NONOBJECT (or, I bought my first book in the form of an iPad app)

I bought and downloaded my first book-as-iPad-app yesterday: NONOBJECT, by Branko Lukic and Barry M. Katz (MIT Press, 2010).  It cost $19.99 and one finds it in the Apps Store, not in the book store.  It took quite a while to download over my home connection.  It was worth it, both in terms of cost and time waiting for the code to run on the iPad.

I chose to read NONOBJECT for its form, not so much its substance.  I don’t know much about industrial design or the theory related to it, though I learned a bit along the way.  (The premise of NONOBJECT is a design principle that focuses not so much on the product or the designer but on the space between them that is altered through design.)  I was interested in the experience of reading that the authors would offer up.  It’s fun and thought-provoking.  The experience is partially but not entirely linear.  One reads a bit of text (I doubt there’s more than 5,000 words in total in the book), which is all cleverly written, and then experiences a series of ideas of “nonobjective” design.  The photos are beautiful, as one might expect from a high-end book on design, and are frequently interactive.  There are twirling objects, moving pictures, interactive bits.  I give a lot of credit to Lukic, Katz, MIT Press, and the programmers who developed the book into an iPad app.  It’s a lovely job; I felt my time was well-spent in experiencing it.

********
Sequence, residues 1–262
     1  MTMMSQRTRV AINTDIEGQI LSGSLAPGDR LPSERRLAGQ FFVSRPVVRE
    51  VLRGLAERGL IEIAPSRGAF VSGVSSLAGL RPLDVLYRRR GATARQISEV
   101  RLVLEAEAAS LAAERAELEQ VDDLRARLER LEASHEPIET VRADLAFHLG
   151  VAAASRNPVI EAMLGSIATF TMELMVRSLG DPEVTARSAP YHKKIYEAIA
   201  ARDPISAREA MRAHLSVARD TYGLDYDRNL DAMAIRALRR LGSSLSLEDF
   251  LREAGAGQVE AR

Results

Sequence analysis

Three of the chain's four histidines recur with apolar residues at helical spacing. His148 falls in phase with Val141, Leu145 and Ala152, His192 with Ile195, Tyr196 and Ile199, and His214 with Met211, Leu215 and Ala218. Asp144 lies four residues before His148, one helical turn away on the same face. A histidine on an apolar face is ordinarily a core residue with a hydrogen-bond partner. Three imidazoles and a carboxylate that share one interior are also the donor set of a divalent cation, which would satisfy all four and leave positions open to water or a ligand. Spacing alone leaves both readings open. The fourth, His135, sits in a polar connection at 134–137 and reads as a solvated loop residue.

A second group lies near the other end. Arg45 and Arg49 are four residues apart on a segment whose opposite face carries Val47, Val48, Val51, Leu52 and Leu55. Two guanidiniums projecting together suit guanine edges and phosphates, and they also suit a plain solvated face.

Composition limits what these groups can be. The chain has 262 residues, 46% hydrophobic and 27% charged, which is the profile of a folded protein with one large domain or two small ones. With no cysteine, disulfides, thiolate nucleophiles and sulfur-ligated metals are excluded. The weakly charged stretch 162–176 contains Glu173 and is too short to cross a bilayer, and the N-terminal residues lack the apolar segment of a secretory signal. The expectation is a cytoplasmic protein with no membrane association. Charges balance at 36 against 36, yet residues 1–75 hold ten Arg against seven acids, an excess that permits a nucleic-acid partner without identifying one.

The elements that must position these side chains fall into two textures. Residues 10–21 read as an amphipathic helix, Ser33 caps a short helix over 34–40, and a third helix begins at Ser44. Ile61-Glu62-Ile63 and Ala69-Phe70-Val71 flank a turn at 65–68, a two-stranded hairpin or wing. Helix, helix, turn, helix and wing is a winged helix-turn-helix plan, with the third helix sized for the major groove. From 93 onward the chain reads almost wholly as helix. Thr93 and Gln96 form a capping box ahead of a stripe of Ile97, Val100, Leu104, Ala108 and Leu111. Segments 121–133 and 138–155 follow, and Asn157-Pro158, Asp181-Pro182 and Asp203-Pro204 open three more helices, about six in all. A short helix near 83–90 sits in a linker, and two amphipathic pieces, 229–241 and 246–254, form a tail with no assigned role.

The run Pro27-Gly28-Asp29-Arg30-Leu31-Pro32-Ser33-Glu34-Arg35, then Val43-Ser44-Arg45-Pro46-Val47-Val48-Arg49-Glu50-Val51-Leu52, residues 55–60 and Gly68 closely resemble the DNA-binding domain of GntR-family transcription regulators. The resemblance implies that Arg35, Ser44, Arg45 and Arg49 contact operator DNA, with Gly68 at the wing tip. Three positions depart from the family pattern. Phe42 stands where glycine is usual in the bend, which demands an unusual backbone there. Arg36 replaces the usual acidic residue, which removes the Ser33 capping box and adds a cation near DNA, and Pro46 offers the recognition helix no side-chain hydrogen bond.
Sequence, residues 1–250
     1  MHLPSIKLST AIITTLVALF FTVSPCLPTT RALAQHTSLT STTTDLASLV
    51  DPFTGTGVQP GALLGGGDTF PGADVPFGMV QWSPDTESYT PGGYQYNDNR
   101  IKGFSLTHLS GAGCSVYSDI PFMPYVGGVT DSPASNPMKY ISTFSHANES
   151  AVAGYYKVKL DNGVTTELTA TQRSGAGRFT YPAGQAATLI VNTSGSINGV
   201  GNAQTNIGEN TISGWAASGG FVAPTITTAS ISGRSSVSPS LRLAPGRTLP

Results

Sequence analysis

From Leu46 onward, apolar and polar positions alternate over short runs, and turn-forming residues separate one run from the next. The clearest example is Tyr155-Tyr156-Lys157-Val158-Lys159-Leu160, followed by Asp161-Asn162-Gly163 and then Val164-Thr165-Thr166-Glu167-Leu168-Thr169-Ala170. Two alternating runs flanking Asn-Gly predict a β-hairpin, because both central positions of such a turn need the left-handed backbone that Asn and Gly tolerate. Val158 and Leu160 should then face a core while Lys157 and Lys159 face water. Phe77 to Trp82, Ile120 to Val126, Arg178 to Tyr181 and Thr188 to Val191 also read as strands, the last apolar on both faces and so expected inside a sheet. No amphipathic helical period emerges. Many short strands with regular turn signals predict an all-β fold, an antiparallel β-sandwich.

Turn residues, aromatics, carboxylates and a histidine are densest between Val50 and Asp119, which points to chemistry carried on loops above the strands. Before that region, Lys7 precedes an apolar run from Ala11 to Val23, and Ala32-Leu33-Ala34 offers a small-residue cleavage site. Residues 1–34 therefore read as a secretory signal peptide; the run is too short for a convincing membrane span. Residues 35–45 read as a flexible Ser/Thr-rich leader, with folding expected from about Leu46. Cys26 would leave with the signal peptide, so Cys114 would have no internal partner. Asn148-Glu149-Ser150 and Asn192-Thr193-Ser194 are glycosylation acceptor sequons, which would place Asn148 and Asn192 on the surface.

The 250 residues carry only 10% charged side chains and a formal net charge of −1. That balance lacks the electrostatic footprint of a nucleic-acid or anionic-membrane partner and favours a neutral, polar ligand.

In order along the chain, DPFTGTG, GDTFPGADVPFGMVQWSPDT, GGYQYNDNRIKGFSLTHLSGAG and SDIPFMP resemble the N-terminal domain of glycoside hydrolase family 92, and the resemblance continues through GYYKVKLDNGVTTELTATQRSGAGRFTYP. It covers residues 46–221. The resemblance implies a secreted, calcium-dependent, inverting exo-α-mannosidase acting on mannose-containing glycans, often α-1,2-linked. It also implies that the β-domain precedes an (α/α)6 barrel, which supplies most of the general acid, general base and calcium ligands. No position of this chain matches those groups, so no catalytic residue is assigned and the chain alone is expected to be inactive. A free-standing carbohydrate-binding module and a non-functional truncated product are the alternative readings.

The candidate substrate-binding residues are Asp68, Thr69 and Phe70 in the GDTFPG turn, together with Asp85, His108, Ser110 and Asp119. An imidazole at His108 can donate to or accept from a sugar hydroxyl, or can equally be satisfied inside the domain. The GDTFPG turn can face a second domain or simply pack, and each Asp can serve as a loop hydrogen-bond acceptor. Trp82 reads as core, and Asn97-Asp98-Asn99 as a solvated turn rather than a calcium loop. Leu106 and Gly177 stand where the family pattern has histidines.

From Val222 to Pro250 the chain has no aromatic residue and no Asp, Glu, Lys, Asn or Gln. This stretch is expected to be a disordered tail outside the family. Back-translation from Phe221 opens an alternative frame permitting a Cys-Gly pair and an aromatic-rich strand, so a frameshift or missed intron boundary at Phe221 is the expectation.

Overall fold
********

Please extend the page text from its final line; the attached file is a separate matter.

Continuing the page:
I’ve been thinking a lot about books-as-iPad-apps.  I’m writing one myself, on intellectual property strategy, also to be published with MIT Press.  The idea is to think of the book as an experience that takes advantage of the interactivity and design possibilities of the iPad interface (which I happen to enjoy).  I’ve written it as a book that one can read in its ordinary, printed, form, though it will be a short book — probably 30,000 words.  It will also have expanded case studies if one wants to go deeper on certain topics.  And I’ve been videotaping interviews with colleagues about intellectual property strategy, with help from my friend June Casey in the HLS Library and a team of students.  The idea is to put together an iPad app version of this book that can be downloaded, much like NONOBJECT.  I’m glad that Lukic and Katz’s book has come out in this version.  I’ve learned a lot from experiencing it while working on my own.